Well SBL 2011 is done and I’m back home so I thought I would post my reflections of the event.  As always it was a stimulating and rewarding experience.  If you have not yet attended an SBL event I highly suggest you make next year your first.


Pat McCullough always does a great job putting together panels that are both informative and entertaining and this year’s panel was no exception.  While all the speakers were tremendous, Margaret Mitchell’s words had the strongest impact on me.  A few weeks before SBL I had gotten stuck on one particular problem with my dissertation, closely related to my methodology.  Mitchell reminded the room that while methodologies are useful, questions are what drive the discussions and one’s work.  This statement helped me break through my own wall by reminding me that my methodology is just a tool for answering the questions I’m pursuing.  While this may seem like a simple truism, they were certainly words I needed to hear at that moment.  Amy Jill Levine was also incredibly entertaining.  I had not had the pleasure of hearing her speak before, and while she was informative, I will always remember her candor and outrageous comments.  Well done Mr. McCullough I look forward to seeing what you put together next year!

Presenting my work before the Rhetoric and the New Testament group.  This work done by this group has greatly influenced the direction of my dissertation.  Thus, I was excited to present my work before the group and was hoping that their critiques would not be too scathing.  Although, the audience was small, as my paper was presented from 6:00 – 6:30, influential members of the group were in attendance.  I especially appreciated the feedback offered by Greg Bloomquist, as his monograph on Paul and suffering directly influenced my own paper.  Moreover, after the session ended, we were able to talk for a while and this encounter allowed me to probe him for advice at another meeting of the Rhetoric and the New Testament group.  It was also great to meet Greg Carey and exchange thoughts with him.  Essentially, this meeting helped confirm that this group could serve as a home for my dissertation work.

Peter Head’s SBL closing presentation.  I have an interest in papyrology; but I often find the papers too technical or internal discussion oriented.  Head’s paper was both interesting and entertaining, though the entertaining part was probably unintentional.  There were serious technical difficulties which limited the length of his talk and turned 15 slides into hilarious one liners leading up to a 10 minute information packed presentation.  If this is how all papyrology papers were presented I wouldn’t miss a single one!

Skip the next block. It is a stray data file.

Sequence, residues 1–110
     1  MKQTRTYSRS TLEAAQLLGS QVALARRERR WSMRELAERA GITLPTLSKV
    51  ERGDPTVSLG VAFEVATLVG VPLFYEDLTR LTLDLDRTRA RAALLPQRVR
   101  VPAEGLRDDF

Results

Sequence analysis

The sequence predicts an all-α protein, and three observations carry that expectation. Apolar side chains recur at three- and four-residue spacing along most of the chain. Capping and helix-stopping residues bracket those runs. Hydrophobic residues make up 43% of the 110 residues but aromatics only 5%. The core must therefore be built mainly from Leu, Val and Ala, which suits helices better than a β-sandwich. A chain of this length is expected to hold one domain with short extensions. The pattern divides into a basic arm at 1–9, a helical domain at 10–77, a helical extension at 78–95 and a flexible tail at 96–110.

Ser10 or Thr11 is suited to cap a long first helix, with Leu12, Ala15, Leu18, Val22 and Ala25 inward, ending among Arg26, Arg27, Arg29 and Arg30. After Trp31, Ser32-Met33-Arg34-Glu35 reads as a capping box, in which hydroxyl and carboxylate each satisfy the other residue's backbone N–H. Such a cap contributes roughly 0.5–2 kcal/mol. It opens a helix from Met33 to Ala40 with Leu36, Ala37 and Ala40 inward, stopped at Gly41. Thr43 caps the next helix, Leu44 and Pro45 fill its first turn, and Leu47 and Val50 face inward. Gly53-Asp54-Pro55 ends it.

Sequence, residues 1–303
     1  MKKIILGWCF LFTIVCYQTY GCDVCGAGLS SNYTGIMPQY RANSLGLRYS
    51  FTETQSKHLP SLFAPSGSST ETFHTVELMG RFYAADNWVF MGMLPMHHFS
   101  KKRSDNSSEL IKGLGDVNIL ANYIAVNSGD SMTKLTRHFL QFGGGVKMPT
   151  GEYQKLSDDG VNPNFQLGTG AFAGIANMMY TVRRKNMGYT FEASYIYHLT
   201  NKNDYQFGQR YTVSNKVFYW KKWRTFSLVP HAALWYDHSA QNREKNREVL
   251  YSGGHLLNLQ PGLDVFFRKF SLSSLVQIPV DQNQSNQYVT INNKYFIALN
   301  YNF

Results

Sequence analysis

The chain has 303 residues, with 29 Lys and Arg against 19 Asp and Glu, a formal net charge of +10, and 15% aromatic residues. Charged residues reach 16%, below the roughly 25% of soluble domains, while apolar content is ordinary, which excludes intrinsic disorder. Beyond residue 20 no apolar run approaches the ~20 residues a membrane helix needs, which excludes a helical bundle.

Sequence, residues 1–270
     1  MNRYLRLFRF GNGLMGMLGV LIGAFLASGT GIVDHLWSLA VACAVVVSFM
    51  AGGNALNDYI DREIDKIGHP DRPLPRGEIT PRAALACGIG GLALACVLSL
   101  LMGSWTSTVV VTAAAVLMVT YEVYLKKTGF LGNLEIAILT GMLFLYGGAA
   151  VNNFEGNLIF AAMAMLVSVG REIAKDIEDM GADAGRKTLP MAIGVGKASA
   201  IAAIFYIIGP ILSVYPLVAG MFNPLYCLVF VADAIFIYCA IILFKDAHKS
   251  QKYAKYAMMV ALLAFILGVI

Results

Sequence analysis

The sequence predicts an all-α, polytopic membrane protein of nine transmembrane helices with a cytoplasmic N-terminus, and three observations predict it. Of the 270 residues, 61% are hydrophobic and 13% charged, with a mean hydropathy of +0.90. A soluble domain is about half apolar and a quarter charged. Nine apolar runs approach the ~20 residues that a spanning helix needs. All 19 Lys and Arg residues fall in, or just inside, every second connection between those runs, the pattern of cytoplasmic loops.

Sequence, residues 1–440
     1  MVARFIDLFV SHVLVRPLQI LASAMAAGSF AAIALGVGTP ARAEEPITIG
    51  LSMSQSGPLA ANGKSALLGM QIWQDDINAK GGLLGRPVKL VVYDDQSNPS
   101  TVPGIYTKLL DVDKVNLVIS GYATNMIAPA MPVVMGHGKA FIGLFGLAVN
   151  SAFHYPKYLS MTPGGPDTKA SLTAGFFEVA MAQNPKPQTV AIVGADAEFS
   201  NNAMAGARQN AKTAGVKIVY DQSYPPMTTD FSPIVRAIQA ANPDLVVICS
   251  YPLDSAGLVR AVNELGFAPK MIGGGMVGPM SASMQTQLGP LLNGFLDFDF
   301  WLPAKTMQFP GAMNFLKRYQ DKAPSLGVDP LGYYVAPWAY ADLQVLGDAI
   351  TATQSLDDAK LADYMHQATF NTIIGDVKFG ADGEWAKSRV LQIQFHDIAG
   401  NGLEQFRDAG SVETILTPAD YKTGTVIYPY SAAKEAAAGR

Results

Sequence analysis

Talking to Duane Watson in the airport.  My table for lunch at some overpriced airport restaurant was ready and my lunch mate was pushing me to wrap up this conversation quickly.  However, I had burning questions about my dissertation that I had to ask given this opportunity.  Watson was also waiting for a table and was kind enough to provide me with some valuable information. 

Seeing friends and colleagues.  I’ll never forget my first SBL in 2004; I knew no one at the event and basically wandered around between papers and ate alone wondering how one got more involved in this sea of people.  Now 8 years later I can’t walk more than about 20 feet without seeing someone I know.  My SBL experience has drastically changed and this is due to the many people I consider friends.  I may not see them or even communicate with them all year, but it’s great seeing them at SBL.  So while I would love to give a shout out to every one of these people this list would be longer and more laborious to read than the genealogies in Matthew and Luke.


While I have enjoyed San Franciscoduring previous visits, it is not ideal for SBL.  The hotels were too spread out (often a 10 minute walk or more separating them) to attend all the papers I wanted to see.  I was often forced to make choices between papers even when they did not overlap.